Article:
'NASH (Appellant): Yes, sir.'
Thereafter appellant signed and dated a separate written waiver of his rights which included the statement 'I do not want to have a lawyer present at this time.' The written waiver, which also contained the 'officer's warning' was witnessed by Files and Deputy Sheriff Noble. Appellant then gave and signed a written confession detailing the offense and his flight from the scene. At the conclusion of the instrument is found the following:
'Before I made this statement, I told Mr. Files that I understood that I didn't have to tell him anything and that what I did say could be used in court against me. I told him I did not want to have a lawyer present at the time I made the statement.'
The next day, June 3, the appellant was taken to the sheriff's office where he was again warned of his rights by Files and indicated he desired to waive his constitutional rights and executed another separate written waiver. Thereafter he gave another written statement giving other details of the offense. Such statement contained the same provisions as to waiver as did the statement of June 2.
Testifying at the hearing on the motion to suppress the appellant, apparently in his early twenties, related that after his arrest on May 26, he was placed in a windowless 7 11 'hole' in the county jail with steel bunk, toilet, and a bright light and that his food was pushed 'through a hole' to him; that on May 30 Deputy Carlson, who weighed 290 pounds, commenced to interrogate him, called him a liar and other names, shoved or pushed him down on the floor, took him to his house to look for a watch which was not found; that thereafter he was continually interrogated by Carlson and others; that on June 1 he orally admitted the crime while in the vicinity where it occurred; that on June 2 he had asked for an appointed attorney while talking to Files. He stated that his statements to Carlson about the watch, his oral statement and everything in his written confessions were 'lies' which he had 'made up.'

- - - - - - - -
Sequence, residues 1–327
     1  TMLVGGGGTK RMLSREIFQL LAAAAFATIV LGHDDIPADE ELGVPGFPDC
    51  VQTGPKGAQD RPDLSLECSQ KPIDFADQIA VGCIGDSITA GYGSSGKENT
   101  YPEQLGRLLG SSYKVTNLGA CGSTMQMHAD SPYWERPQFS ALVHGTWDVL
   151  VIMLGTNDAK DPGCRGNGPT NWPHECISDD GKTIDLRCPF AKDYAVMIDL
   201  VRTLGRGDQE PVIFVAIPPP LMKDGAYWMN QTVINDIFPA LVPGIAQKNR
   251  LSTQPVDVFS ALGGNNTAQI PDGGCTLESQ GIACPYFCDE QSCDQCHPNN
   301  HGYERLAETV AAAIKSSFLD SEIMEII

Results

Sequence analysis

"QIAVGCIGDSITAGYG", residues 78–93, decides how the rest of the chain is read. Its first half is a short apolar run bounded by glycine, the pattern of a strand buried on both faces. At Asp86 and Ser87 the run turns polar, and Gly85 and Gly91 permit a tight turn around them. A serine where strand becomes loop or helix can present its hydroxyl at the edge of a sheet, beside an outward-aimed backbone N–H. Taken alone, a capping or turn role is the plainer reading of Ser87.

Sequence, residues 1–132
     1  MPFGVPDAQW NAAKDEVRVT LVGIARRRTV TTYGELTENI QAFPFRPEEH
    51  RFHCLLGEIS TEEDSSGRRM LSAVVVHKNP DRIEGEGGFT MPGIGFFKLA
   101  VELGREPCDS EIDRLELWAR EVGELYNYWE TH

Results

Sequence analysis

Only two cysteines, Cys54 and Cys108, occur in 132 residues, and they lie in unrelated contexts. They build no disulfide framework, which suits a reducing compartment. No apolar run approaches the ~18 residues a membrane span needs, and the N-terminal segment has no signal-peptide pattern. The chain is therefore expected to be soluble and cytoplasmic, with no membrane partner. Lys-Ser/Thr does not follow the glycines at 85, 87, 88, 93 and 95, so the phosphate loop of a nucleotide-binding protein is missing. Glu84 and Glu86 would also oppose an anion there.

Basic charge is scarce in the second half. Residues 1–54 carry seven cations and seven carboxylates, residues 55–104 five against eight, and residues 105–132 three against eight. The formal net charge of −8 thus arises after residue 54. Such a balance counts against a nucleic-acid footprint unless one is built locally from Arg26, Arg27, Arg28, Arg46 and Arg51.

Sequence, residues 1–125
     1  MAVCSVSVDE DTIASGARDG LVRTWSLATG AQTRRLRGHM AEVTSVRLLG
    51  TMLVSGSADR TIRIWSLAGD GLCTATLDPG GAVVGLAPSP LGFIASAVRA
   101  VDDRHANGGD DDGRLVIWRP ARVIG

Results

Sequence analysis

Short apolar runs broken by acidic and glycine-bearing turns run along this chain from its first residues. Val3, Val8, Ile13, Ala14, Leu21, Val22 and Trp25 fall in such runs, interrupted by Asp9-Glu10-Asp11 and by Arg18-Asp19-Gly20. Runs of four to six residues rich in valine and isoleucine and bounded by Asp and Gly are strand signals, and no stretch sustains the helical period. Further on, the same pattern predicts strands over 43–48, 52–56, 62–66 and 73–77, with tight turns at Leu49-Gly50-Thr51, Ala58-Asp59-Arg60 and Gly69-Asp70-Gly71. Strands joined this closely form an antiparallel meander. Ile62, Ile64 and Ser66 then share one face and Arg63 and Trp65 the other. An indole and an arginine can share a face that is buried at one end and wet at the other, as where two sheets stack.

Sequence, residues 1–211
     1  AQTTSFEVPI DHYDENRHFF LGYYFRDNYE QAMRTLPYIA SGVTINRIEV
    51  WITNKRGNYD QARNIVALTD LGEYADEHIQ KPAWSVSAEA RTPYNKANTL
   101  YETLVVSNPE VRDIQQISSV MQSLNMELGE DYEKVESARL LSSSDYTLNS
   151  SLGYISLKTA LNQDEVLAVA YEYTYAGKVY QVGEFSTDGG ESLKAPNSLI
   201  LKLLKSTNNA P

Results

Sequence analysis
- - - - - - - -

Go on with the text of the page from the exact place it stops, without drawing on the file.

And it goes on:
Appellant admitted he did not complain or tell anyone about Carlson's acts until he talked to his sister in September, 1969. And he acknowledged he had been convicted of burglary in 1963 in Dallas County receiving a five year probated sentence, and that in that case he had given a confession to a prosecuting attorney.
Other defense evidence showed that the appellant had a low IQ and was easily persuaded, although he was legally sane. He was shown to have suffered from muscular dystrophy or polio and to have fallen out of a tree when he was 8 years old and rendered unconscious.
Deputy Carlson testified he took the appellant from his cell only after he indicated his willingness to talk about the case. He denied any assault, threats or any type of abuse or coercion. Chief Deputy Massey testified there were no 'holes' in the Smith County jail but that appellant was in an individual cell which was frequently requested by inmates for 'physical and other reasons'; that such cells were far more desirable than the other cells in the jail. He related that when he reported for work after the Carlson interrogation appellant made no complaint to him and he saw no marks, bruises, etc. on the appellant. He stated he did not abuse or mistreat the appellant. Files testified he made no promises to the appellant or used threats or coercion. Appellant himself corroborated Files' testimony. Files related that after appellant stated his desire for an attorney he apparently changed his mind and 'he went ahead and visited with me at that time.' Files denied he used any tricks, etc. to get the appellant to change his mind.
At the conclusion of the pre-trial hearing on the motion to suppress the trial court found the waivers to have been affirmatively made and the confessions to have been given voluntarily and then commendably filed exhaustive findings of fact and conclusions of law in support thereof. See Article 38.22, V.A.C.C.P. The court found that the appellant did in fact state on June 2 he would like for an attorney to be appointed to represent him and that any 'evidence seeking interrogation' ceased and did not commence again until the appellant indicated he wished to waive his constitutional rights and executed a written waiver of such rights.